IMG_1607But, equally and if  not more, I didn’t want to feel like the odd one out. I didn’t always like to answer questions about where I was born. Because it was Bozeman, Montana. Not India. Maybe I didn’t like to be asked if my marriage was going to be arranged. Because it isn’t. So while the questions can be humorous, after a while maybe – just once – it would be nice to not feel as if people are staring at me or asking questions because of my skin tone.

The first time I went to New York City I realized there was a deep rooted issue boiling inside me. Around the age of ten as I got off the plane, I made a comment like, “These are my people.” It was the first distinct moment where I didn’t feel looked at because of my skin color. I wasn’t singled out. It was the first moment where I felt I could hold a conversation with another human being –  person to person – without race as the unspoken theme. At the age of ten.

Looking ahead, I see that a lot of my decisions about where and what I want to do are rooted in wanting diversity in my life, to be surrounded by more people of color. But in seeking this I also realized this …

I’m subconsciously racist.

I was talking to my mom about plans for college a few weeks ago and made a statement along the lines of, “I want to get out of a place with so many white people in one area.” And immediately, I realized I showed that same racist attitude I felt I have been shown my whole life. The comment may seem funny to some, rude to others. But it truly comes from a place of hurt.

And that’s a huge take away. As I put the blame on others because I feel insecure about my skin color, I end up doing the same thing to them.

This is a problem. It is a never ending cycle. Look at the news. Look at our political climate. I think we are all racist. You may not mean to be. But from our day-to-day lives and our life experiences we all lean to our tribe. When we start to swing too far to one end of the spectrum either focusing on the minorities or the majority, we encounter issues.

We need to find a middle ground. It is far from equal. I don’t know if it can ever be. I truly don’t think it will be. But I do think as much as we want to put the blame on other people for being racist, it needs to start within ourselves. How?

Change the small day-to-day comments.

Change the way you approach someone.

Change how you have a conversation.

Change the minor details of interactions you have with people.

Make a difference in the way you view race.

We are all human. We need to all be looked at as humans. I don’t care what your race is, your sexual preference,  or your socioeconomic background.

We all deserved to be loved equally.

We are all to blame for not sharing that love equally.

Just love.

Love regardless of anything, treating everyone as you would want to be treated. It’s a message every adult has been telling us over and over our whole lives.

Yet, maybe it’s time to do more than talk about it. Maybe it’s time to actually try it. It may be the only thing that could, over time, bring real change.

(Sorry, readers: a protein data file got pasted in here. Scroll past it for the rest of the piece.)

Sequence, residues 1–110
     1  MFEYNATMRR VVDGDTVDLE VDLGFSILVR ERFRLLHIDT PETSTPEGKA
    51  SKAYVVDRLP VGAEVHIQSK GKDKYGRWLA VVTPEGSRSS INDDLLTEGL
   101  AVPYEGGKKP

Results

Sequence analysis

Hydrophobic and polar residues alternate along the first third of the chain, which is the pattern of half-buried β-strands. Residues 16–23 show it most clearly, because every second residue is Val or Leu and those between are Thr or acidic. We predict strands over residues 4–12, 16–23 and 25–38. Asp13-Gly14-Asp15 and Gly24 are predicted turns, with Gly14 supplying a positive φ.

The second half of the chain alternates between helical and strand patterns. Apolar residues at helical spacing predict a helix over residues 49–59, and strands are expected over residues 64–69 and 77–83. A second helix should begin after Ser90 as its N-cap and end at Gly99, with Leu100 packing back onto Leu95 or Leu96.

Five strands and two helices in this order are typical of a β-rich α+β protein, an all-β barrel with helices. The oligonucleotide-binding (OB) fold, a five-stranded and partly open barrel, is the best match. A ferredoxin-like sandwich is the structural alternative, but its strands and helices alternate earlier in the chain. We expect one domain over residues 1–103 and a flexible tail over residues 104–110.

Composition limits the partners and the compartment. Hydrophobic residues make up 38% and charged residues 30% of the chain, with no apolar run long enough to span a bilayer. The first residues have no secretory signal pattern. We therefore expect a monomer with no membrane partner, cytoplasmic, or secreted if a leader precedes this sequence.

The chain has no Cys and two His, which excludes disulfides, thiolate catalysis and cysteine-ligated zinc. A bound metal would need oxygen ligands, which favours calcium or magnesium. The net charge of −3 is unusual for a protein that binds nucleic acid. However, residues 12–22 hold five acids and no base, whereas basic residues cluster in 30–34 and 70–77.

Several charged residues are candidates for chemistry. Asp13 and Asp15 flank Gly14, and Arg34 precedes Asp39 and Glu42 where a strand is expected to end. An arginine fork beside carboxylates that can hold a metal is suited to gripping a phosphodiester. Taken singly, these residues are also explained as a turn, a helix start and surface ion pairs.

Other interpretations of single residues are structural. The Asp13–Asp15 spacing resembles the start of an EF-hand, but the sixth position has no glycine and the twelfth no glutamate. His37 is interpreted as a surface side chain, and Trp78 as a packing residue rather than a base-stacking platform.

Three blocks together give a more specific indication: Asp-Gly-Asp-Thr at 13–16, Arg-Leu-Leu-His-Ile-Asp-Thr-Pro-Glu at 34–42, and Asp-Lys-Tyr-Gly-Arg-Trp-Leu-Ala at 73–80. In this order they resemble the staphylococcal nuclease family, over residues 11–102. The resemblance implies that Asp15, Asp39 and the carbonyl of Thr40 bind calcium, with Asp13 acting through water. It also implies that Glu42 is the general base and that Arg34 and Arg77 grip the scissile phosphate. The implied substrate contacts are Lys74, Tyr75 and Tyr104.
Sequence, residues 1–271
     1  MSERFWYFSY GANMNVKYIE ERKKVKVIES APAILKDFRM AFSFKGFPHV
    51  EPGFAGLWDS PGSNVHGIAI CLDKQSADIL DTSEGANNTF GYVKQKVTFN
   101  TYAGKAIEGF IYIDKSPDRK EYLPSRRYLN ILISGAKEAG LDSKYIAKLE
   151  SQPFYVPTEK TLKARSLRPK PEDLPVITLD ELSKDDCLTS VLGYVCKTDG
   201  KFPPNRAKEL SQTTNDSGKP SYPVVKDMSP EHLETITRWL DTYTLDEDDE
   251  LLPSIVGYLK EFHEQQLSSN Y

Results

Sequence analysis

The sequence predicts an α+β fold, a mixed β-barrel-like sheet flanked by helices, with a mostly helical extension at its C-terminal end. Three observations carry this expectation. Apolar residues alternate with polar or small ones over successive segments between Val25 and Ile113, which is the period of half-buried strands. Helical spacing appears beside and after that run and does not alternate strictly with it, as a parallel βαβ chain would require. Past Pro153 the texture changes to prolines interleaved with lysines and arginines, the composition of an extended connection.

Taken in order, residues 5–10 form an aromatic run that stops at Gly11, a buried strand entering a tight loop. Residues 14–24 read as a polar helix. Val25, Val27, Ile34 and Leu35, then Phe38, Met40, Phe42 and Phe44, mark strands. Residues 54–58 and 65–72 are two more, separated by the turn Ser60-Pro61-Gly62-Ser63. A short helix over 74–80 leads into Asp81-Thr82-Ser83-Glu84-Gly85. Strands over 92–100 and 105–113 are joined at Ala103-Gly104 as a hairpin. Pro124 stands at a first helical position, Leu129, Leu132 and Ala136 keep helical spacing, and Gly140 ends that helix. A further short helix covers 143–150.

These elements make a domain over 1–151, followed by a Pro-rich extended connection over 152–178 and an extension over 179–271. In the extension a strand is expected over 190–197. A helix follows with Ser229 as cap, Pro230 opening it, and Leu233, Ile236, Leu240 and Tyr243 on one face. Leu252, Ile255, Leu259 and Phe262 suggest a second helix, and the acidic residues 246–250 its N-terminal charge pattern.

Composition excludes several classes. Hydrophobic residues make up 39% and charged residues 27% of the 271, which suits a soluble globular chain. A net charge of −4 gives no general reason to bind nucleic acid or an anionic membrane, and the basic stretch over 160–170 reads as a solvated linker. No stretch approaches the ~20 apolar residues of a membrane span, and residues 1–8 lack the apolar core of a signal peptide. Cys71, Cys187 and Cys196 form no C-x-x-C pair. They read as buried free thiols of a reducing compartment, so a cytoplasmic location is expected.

-Hannah Kaull, 16

Guest Blog – Kristina Munday

Iphoto_654500t’s true, I’m a young mom! I’m 22 and instead of staying up late studying for midterms at the college of my dreams, I’m spending my nights trying to get my tiny human to go to sleep. Instead of spending my 20’s touring the world, I’m taking my whole world on a walk around the apartment complex just to have a change of scenery. At 21, I wasn’t throwing up because of all the alcohol I could legally consume, I spent days and nights by the toilet with morning sickness. While my peers were out, worrying about grades and what to do Friday night, I spent two and a half months sitting by my baby’s bedside in the hospital.

You could say my life looks very different from most people my age. I grew up as a people pleaser, and my life plan was far different because of that. Getting married young was unpopular. Having babies before finishing school was a disaster. At least these are the things I was told, and so my life plan was to go to school, date, get married my last year of college, start the perfect career, then have a baby when we were financially established.

The day I decided to abandon the world’s perfect plan for me and follow my heart was the best choice I ever made. As a people pleaser, I actually felt a little embarrassed at what people would think! Looking back now, I can’t believe I almost let acquaintances, even strangers, keep me from the most love and happiness I’ve ever felt!

“The pursuit of excellence is gratifying and healthy. The pursuit of perfection is frustrating, neurotic, and a terrible waste if time.” Edwin Bliss

Even after letting go of the perfect plan the people pleaser in me held on to, motherhood held a whole new level of perfectionism. Especially in the social media world, there seem to be perfect mothers who have it all together. Perfect house, perfect marriage, perfect makeup, clothes, children, kitchen.. The list could go on and on. However I’ve realized in my pursuit of perfection as a young mom that nobody has it all together.

I now strive to focus more on just keeping myself and my family healthy and happy. As a preemie mom, that really has been an all-consuming task. But so worth it!

When I look into my daughter’s eyes I see so much promise, so much hope for the future, and not a care in the world about what people think. And in those moments I feel the pull to perfectionism I think about that same promise and hope I felt when I became a mother. My goal is to help her keep that light for as long as possible, and to be there to remind her of it in those moments she needs most.
I absolutely love being a mother. I wouldn’t trade it for anything!
Kristina M